NATIONALNEWS

High Court invalidates sections of the Amended Elections Act, 2017

The High Court has declared sections of the Amended Elections Act of 2017 that touch on electoral commission quorum in decision making, transmission of election results and presidential results announcement unconstitutional.

Justice Chacha Mwita argued that some clauses of Section 39 and the whole of Section 83 of the Act failed the constitutional test.

He also declared some Sections of the IEBC Act 2011 and paragraphs of Second Schedule to the Act as constitutionally invalid.

One of the Sections stipulated that IEBC could announce the results of the presidential election in the absence of the chairman.

Other changes were that if there is a discrepancy between the manual and electronically transmitted results, the manual results prevail.

One of the Sections had also stipulated that failure to transmit the results electronically shall not be used to invalidate the results.

Justice Mwita ruled that the said amendments were only meant to take the country backward.

“I am of the opinion that certain amendments introduced through the Elections Law (Amendment) Act No.34 of 2017 failed the constitutional test of validity,” he said.

The IEBC Act had been amended in the Second Schedule by deleting the word “five members of the commission” in fifth paragraph and substituting with the words “half of the existing members of the commission, provided that the quorum shall not be less than three members”.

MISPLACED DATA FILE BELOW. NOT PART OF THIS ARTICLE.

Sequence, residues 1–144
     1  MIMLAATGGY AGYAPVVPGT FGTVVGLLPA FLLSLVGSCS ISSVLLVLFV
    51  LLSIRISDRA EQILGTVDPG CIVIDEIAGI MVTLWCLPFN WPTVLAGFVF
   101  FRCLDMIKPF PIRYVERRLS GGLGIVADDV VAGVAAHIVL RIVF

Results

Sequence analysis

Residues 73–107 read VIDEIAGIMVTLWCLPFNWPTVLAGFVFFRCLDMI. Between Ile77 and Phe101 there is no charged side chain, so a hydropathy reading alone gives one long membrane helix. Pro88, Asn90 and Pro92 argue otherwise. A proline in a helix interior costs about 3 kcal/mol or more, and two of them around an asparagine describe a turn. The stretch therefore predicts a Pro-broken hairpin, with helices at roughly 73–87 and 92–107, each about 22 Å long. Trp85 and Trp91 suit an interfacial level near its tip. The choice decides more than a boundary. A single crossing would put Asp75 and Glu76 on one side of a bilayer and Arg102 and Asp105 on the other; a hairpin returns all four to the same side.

However, Mwita declined to declare Section 86a invalid, saying it clears a lacuna that made the holding of the 2017 fresh presidential election a challenge to the commission.

“The section clarifies what should happen when only one candidate remains after the withdrawal of the other(s) and the timelines. The Section is necessary for clarity and efficiency. I see no constitutional invalidity,” said the judge.

The case had been filed by two lobby groups, Katiba Institute and the Centre for Open Governance (Africog) who claimed the amendments made to the Act will significantly confuse relevant laws on elections including regulation of some aspects on the petitions challenging the August 8 polls.

Through lawyer Waikwa Wanyoike, the two groups claimed that the changes made to the election laws are confusing in regard to the laid down principles of the Supreme Court on critical constitutional aspects that are relevant in the adjudication of numerous election petitions before the High Court and magistrates’ courts.

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